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Middletown brush fires fully contained, state officials say

controlled burn.jpg
Patrick Skahill
/
Connecticut Public
Bruce Villwock, district fire warden, hauls a hose used to wet down land adjacent to a controlled burn in Waterford in 2019.

A brush fire that spread through more than 160 acres in Middletown has been fully contained, according to the state Department of Energy and Environmental Protection (DEEP). The fire started Tuesday when windy conditions brought down power lines.

“It is 100% contained,” said DEEP spokesperson Will Healey in a Thursday night email. “Fire personnel mopped up hot spots and strengthened containment lines today.”

Officials with the utility provider Eversource said Thursday morning that the transmission lines in the area were not damaged, and the electrical system continues to operate normally.

In a statement Wednesday night, DEEP said state and local responders had wrapped up containment “burn outs” on the fire’s edge. Burn outs are intentionally set fires that help contain the larger blaze.

Chris Martin, DEEP’s director of forestry, said the spongy moth, which heavily infested Middlesex County in 2017 and 2018, “resulted in tens of thousands of oak trees dying” and complicated the response to the fire.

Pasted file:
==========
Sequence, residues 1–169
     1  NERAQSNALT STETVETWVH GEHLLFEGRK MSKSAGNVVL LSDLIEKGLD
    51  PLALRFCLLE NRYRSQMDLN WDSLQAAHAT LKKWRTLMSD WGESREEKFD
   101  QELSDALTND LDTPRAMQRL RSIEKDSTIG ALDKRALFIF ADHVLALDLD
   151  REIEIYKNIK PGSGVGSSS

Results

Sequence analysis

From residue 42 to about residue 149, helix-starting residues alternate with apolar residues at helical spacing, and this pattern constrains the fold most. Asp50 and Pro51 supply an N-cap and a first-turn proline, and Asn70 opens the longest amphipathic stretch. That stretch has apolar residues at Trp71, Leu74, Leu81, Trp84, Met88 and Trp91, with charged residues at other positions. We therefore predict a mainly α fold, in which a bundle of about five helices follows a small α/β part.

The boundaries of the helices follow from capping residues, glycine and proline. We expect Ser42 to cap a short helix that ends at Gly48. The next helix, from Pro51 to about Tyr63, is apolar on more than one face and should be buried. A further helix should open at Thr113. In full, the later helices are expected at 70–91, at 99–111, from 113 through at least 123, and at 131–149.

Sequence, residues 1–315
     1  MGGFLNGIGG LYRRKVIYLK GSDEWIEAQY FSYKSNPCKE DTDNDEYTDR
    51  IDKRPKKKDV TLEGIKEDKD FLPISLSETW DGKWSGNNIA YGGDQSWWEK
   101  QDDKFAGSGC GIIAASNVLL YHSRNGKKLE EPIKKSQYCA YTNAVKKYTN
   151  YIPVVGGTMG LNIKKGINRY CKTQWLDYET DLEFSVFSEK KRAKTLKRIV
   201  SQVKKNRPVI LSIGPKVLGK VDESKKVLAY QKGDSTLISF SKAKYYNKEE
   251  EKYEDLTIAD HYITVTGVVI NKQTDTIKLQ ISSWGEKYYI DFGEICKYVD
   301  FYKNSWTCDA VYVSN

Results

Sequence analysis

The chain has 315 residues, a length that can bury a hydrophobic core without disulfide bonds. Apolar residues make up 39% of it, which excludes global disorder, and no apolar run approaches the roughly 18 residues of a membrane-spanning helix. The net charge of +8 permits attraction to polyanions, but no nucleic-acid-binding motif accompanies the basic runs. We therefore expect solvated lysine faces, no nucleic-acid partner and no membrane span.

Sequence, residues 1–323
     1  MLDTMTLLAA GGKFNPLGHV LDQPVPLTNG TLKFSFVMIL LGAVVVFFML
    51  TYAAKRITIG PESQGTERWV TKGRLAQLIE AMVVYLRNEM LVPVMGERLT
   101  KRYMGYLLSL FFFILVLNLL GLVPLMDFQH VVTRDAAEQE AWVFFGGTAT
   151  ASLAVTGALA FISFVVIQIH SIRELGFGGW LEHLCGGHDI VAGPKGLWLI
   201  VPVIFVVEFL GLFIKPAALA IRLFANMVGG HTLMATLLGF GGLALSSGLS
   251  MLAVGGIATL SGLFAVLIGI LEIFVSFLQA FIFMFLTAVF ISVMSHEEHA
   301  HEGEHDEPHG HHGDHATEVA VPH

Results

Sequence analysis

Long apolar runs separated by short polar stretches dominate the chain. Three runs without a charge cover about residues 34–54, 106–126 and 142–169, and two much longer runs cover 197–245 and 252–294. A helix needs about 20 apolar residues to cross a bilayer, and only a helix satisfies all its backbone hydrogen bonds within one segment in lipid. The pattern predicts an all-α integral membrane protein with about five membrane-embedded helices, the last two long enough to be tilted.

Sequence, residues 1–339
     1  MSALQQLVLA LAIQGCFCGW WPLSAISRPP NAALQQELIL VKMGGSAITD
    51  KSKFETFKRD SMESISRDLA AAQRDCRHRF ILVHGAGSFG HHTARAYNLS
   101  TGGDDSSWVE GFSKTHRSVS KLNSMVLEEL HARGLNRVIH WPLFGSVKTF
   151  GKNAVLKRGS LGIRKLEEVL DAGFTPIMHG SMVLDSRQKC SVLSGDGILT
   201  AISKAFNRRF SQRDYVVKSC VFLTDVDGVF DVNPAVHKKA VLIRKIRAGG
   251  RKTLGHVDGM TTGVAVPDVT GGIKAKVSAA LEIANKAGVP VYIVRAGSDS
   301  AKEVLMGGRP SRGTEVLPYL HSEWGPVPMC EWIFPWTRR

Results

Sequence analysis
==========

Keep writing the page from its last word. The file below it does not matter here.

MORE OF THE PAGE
“Those trees acted as ladder fuels,” said Martin. “It was almost like a West Coast situation where the fire climbed up the trees 30, 40, ... 50 feet. And with the wind, embers then flew off the top of those trees, landing some distance away and creating more fire.”

While the larger fire was burning, state officials said another fire also started in Middletown, near an Eversource substation. They said the cause remains unconfirmed. Officials ruled out lightning strikes or downed power lines.

“The nearby smaller fire is just under 22 acres and is fully contained,” said Healey.

Tricia Taskey Modifica, a spokesperson for Eversource, said in a statement that “we’re working with Middletown fire officials to better understand what may have caused the brush fire. We do know [Tuesday's] windy conditions brought a tree down on our distribution lines in an area near the brush fire. We also know that the fire did at one point begin to approach our transmission lines in the area, however they were not damaged.”

“The situation continues to wind down, and tomorrow, both fires will be in ‘patrol status,’ said Healey.

Jennifer Ahrens contributed to this report.

Updated: May 12, 2022 at 11:26 AM EDT
This story has been updated.
Patrick Skahill is a reporter and digital editor at Connecticut Public. Prior to becoming a reporter, he was the founding producer of Connecticut Public Radio's The Colin McEnroe Show, which began in 2009. Patrick's reporting has appeared on NPR's Morning Edition, Here & Now, and All Things Considered. He has also reported for the Marketplace Morning Report. He can be reached by phone at 860-275-7297 or by email: pskahill@ctpublic.org.

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